Sunday, August 06, 2006

TCO with a Baseball Bat

A recent Forbes cover story profiling Larry Ellison and Oracle proclaimed:

"For every dollar corporate customers spend on new software, they spend $6 implementing it and getting it to talk to other programs."

Put another way:

"If you think it costs a lot to buy a license for software, wait until you see how much it is going to cost you to use it."

What a terrible indictment of the software industry. Even the open source vendors who clang and bang about the expense of proprietary software licenses are often missing the big picture of the user experience. And customers are complicit in this debacle when they accept that they are going to have 4 levels of server infrastructure associated with promoting software: development, test, QA, and production. Why did you pay so much money for a "certification" if nothing is really ever certified until you, the customer, put it through its paces?

It is not surprising that SaaS vendors such as and appliance vendors such as Barracuda Networks are now the rage of the software industry. Both of these companies assume responsiblity for component integration, and they build their software to interoperate with every other required software element via standard protocols like TCP/IP. It is also not suprising that VMware is growing 73% annually by providing technology that enables virtual appliances, decoupling the infrastructure layer from the application layer which reduces "certification" to copying a file to a system.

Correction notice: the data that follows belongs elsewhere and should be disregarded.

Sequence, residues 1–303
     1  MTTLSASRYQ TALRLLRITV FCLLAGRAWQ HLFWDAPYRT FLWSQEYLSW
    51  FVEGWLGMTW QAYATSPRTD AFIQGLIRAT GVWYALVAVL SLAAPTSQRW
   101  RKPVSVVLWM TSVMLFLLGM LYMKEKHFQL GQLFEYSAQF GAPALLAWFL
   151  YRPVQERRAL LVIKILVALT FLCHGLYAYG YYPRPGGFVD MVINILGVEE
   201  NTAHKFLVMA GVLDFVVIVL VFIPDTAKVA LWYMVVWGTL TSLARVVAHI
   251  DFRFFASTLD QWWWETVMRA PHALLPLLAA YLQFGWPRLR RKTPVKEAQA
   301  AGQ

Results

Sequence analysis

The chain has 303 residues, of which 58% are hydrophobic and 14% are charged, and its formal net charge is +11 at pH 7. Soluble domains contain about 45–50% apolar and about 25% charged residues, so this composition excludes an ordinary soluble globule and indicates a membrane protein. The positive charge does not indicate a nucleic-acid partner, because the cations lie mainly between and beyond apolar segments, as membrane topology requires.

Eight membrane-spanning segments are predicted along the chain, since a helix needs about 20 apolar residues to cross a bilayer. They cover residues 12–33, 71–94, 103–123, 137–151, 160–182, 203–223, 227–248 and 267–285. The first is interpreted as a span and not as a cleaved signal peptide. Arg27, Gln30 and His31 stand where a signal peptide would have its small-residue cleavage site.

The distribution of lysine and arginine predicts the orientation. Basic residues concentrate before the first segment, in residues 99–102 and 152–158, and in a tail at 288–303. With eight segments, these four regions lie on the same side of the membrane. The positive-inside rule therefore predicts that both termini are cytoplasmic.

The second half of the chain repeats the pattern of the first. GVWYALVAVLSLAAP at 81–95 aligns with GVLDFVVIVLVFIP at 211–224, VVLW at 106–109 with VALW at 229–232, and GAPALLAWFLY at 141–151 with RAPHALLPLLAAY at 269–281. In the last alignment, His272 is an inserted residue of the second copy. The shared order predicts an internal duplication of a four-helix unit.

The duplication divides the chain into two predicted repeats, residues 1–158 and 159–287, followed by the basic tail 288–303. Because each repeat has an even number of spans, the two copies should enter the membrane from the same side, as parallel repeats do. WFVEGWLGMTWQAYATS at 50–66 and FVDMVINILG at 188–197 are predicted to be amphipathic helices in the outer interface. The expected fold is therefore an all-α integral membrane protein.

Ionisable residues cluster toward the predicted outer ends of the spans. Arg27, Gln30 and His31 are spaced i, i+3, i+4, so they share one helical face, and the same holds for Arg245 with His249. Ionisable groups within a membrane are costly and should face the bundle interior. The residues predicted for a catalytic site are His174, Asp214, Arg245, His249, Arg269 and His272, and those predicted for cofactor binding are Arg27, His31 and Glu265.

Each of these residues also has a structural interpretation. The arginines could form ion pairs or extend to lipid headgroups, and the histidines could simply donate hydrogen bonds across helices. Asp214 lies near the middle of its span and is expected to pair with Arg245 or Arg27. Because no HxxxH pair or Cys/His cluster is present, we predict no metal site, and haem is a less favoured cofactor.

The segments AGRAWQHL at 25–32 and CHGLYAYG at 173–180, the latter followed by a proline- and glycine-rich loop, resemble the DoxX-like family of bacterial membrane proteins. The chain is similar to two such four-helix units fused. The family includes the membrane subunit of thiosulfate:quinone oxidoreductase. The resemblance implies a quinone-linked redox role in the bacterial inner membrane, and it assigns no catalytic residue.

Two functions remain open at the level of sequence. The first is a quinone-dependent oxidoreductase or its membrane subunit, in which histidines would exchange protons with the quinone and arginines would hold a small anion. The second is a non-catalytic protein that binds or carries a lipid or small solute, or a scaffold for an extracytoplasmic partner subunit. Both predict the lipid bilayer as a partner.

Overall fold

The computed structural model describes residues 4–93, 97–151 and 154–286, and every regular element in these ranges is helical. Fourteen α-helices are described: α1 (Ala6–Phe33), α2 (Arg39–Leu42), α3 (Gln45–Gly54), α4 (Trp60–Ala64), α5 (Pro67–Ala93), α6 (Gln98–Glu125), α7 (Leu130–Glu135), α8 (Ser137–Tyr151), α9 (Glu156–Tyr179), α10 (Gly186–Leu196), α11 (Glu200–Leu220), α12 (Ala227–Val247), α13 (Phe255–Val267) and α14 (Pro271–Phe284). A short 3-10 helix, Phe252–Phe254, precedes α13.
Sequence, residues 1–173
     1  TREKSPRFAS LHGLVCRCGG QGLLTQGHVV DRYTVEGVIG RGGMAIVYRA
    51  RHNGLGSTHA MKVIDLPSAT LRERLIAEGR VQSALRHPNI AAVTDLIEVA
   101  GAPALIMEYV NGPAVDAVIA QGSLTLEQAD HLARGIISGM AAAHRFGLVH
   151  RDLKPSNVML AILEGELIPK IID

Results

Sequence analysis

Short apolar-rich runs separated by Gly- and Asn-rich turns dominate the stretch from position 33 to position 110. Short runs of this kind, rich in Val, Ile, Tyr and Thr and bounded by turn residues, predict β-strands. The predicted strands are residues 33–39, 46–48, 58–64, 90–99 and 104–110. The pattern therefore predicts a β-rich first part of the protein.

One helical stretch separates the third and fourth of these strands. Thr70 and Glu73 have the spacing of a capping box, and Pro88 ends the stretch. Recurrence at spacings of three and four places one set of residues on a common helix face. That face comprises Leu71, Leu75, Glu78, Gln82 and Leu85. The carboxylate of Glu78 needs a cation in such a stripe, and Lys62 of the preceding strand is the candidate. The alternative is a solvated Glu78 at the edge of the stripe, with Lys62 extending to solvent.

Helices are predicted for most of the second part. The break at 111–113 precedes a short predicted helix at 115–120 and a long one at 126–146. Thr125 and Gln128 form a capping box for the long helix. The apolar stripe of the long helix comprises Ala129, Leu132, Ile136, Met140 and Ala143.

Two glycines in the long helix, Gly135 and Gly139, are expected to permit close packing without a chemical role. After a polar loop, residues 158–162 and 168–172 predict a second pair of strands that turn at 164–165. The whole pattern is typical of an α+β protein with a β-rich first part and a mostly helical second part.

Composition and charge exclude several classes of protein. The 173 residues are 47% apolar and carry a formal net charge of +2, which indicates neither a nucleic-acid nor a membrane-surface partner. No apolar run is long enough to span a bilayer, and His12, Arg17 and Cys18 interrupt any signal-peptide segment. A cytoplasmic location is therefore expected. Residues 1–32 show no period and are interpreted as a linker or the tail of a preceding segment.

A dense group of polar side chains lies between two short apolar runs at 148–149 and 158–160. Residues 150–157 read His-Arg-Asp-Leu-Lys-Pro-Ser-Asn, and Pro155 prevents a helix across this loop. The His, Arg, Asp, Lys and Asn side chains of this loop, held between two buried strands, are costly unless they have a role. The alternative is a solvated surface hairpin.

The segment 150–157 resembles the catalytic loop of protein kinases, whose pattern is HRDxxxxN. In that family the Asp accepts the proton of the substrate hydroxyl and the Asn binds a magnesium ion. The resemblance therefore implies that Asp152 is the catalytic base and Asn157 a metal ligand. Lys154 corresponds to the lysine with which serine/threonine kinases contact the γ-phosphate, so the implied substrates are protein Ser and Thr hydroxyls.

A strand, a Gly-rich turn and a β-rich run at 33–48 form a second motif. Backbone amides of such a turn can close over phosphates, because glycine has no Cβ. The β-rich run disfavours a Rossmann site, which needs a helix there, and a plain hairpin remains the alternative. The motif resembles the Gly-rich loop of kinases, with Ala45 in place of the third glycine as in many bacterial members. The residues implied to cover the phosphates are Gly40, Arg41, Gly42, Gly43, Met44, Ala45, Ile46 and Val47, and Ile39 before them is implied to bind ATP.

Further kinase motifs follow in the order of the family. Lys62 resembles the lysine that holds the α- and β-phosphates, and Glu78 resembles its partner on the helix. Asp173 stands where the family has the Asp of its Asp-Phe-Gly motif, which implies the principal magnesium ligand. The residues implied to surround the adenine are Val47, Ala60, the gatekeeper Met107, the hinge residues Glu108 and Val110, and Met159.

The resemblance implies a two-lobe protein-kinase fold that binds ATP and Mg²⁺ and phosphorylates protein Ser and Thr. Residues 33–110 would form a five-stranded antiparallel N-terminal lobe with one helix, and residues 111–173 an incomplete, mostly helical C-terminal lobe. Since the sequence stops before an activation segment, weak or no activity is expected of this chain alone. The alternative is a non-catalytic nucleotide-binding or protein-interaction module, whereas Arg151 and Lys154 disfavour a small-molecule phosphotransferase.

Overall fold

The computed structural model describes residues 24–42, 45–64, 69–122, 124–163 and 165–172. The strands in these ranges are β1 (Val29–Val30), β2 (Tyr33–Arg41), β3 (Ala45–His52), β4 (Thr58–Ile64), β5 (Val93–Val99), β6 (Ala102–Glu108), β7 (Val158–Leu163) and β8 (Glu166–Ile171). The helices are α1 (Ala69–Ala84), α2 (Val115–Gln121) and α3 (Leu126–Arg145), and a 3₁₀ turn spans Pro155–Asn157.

I still chuckle every time I read a Microsoft funded study that reveals the TCO benefits of Windows server relative to Linux. In most cases, Windows is proclaimed to be anywhere from 10 - 25% cheaper to own for some certain workload - the equivalent of counting gnats on a rhino's ass. The point of Linux from a TCO perspective is that for Unix based applications (which won't run on Microsoft Windows anyway), the customer gets 3X the application performance on hardware that costs half to one third the price of proprietary Unix, yielding a price performance benefit of 6 - 9X. This breakthru performance for the customer is TCO that swings like a baseball bat.

Like Linux in the Unix market, SaaS, appliances, software appliances, and virtualization all swing TCO like a baseball bat. If you are a software vendor, whether open source or not, you better start warming up in the on-deck circle with a similar capability, or you will soon be headed for the showers.


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